Reviews

Phantastic Ferniture
Phantastic Ferniture

(Transgressive)

9/10

“I’d gone straight into folk music, so every experience I’d had on stage was playing sad music with a guitar in my hand. I thought, I would love to know what it’s like to make people feel good and dance,” explains Australian singer-songwriter Julia Jacklin of her new musical project, Phantastic Ferniture. “It feels really good,” she says with satisfaction. “It’s like having an alter ego.”

Indeed, Phantastic Ferniture (made up of Jacklin and pals Elizabeth Hughes and Ryan Brennan) here present a self-titled debut album that comes close to garage-rock perfection. Born one late night in the basement of Frankie’s Pizza, a fairy-lit Sydney dive bar, Phantastic Ferniture are a far cry from Jacklin’s solo creative output, known for its melancholic alt-country musicality. Instead, songs like ‘Fuckin ‘n’ Rollin’, the album’s lead track, combine towering and silky vocals with hard-to-shake bass lines and twinkling and summery guitar hooks.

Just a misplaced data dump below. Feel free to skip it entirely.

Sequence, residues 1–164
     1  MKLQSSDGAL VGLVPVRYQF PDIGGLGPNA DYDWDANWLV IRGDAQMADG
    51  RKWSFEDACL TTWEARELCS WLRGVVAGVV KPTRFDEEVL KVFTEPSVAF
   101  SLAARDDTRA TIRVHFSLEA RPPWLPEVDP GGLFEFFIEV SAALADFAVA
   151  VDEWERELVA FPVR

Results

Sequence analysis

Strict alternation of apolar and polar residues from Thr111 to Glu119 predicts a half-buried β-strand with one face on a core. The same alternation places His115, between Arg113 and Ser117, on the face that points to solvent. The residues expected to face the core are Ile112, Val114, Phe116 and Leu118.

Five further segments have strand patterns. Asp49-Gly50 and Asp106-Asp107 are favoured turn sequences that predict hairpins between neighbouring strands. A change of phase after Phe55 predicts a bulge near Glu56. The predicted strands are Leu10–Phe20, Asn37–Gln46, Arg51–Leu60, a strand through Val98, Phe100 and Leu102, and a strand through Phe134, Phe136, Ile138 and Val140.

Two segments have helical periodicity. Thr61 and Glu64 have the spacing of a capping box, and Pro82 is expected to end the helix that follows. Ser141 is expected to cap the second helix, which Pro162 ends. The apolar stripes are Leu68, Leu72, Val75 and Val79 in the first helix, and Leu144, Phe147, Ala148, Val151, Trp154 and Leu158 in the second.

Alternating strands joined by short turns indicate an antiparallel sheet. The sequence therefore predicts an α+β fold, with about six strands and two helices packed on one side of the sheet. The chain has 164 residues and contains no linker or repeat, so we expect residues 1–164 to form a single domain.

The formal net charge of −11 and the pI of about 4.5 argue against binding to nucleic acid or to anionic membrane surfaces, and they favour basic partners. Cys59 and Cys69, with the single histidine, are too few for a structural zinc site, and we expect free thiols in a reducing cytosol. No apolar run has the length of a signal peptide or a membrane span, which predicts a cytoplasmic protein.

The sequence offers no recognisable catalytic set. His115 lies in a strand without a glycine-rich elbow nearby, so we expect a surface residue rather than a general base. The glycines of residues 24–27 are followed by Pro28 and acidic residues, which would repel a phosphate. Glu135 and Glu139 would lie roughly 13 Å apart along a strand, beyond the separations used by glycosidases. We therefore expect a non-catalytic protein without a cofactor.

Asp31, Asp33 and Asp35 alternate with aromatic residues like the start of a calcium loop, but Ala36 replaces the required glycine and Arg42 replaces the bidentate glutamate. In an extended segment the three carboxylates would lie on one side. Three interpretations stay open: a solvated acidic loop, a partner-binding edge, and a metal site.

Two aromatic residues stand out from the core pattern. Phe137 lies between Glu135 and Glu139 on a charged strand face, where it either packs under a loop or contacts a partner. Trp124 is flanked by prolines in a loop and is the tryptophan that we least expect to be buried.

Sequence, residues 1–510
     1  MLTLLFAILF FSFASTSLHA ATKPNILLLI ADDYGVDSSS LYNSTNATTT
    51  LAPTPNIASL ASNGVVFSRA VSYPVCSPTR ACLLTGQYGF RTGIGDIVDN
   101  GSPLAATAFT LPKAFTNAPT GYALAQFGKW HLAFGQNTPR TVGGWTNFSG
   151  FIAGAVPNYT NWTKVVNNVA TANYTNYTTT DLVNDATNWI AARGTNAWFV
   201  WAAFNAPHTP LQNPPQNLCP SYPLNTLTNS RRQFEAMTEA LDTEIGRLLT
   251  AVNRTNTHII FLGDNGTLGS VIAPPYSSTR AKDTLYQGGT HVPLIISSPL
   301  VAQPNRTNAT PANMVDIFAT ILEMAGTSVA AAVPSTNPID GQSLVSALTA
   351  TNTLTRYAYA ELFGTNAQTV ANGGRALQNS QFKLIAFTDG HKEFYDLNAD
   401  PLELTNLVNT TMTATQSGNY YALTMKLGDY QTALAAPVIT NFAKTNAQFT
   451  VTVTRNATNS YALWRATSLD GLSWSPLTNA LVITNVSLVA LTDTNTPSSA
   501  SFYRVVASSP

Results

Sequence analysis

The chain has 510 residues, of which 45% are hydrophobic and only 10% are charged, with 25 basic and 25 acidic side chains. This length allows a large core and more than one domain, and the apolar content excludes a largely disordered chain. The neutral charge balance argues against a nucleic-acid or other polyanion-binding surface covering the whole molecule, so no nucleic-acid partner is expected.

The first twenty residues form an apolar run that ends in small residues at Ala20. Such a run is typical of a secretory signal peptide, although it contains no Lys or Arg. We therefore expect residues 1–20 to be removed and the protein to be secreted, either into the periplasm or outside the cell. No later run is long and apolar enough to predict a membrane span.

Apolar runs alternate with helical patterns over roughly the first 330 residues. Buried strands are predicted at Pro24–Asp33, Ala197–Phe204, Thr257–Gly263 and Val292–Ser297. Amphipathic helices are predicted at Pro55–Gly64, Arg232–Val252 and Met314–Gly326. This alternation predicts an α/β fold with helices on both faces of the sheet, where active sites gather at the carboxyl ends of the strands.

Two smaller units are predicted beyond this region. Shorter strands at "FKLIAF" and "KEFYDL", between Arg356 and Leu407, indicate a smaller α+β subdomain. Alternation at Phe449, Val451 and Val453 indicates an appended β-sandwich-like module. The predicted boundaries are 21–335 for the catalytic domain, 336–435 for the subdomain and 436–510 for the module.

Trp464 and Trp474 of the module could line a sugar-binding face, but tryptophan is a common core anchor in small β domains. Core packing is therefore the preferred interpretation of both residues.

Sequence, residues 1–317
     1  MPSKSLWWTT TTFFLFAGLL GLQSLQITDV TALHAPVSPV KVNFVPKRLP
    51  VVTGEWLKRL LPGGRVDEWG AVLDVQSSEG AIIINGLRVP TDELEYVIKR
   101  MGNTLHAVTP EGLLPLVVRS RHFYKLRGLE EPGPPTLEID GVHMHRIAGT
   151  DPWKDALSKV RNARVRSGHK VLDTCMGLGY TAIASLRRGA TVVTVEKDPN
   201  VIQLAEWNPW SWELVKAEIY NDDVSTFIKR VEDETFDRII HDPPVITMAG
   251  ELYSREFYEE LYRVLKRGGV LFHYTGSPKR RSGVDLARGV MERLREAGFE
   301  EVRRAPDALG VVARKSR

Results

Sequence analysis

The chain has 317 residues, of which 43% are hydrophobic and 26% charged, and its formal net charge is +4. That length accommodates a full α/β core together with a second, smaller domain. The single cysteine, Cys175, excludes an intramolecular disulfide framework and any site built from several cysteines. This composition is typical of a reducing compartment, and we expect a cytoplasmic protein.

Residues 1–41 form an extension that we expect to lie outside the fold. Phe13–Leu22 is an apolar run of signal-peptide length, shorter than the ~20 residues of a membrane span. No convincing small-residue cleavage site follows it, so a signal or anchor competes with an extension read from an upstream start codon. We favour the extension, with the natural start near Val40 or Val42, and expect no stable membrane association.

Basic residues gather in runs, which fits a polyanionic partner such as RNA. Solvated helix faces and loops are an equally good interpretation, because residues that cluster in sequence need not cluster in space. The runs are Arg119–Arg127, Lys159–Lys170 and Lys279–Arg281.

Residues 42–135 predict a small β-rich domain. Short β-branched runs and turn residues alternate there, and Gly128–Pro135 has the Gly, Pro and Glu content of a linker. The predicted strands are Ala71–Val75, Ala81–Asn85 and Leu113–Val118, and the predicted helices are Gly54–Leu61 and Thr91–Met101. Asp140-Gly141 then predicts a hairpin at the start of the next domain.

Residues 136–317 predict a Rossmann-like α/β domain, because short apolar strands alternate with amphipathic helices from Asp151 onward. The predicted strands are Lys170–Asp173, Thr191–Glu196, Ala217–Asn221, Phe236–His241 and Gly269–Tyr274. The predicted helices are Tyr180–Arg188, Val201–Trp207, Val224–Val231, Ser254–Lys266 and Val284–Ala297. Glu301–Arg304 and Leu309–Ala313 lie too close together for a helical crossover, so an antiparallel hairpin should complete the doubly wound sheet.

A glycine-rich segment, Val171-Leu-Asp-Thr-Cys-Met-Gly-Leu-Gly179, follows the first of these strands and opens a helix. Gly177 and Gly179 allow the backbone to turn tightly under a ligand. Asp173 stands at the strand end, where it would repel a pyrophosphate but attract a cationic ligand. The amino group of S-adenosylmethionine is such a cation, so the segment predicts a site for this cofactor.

Of course, the album isn’t without moments of darkness. The entirety of ‘Phantastic Ferniture’, in equal measures brooding and care-free, wouldn’t be out of place sound-tracking some quirky Ellen Page movie brimming with gloom and witty one-liners. As likely to make you dance as shed a tear while you do so, this debut is full of Jacklin’s pain-pricked cut-to-the-quick flair, here somewhat intoxicated by the upbeat instrumentalism of bandmates Hughes and Brennan. “You said I gotta go, my love / I will never know who I am if I stay here laying beside you / Even if that is what I wanna do / I gotta get on, yeah,” sings Jacklin infectiously on ‘Gap Year’, straying, thankfully, never far from her existential crisis happy place.

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